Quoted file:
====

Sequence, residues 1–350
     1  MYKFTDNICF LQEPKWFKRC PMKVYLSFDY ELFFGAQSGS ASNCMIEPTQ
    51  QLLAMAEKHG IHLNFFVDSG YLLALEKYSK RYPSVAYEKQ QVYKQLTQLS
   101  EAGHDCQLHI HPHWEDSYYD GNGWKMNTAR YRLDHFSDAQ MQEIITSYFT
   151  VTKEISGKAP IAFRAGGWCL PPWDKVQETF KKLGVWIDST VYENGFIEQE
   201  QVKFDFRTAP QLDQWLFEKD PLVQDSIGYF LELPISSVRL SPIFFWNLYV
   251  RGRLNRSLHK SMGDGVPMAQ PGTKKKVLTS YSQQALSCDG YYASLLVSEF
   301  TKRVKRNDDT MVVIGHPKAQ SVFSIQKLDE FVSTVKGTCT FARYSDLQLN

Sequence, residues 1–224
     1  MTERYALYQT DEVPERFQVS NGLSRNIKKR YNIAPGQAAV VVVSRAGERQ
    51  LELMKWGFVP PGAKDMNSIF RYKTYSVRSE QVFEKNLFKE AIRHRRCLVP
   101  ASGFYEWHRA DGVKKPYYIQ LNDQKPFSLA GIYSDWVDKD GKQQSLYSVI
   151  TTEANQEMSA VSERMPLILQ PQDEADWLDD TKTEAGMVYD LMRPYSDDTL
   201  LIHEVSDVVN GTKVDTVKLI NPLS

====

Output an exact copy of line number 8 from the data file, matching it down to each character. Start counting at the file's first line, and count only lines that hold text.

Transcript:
   301  TKRVKRNDDT MVVIGHPKAQ SVFSIQKLDE FVSTVKGTCT FARYSDLQLN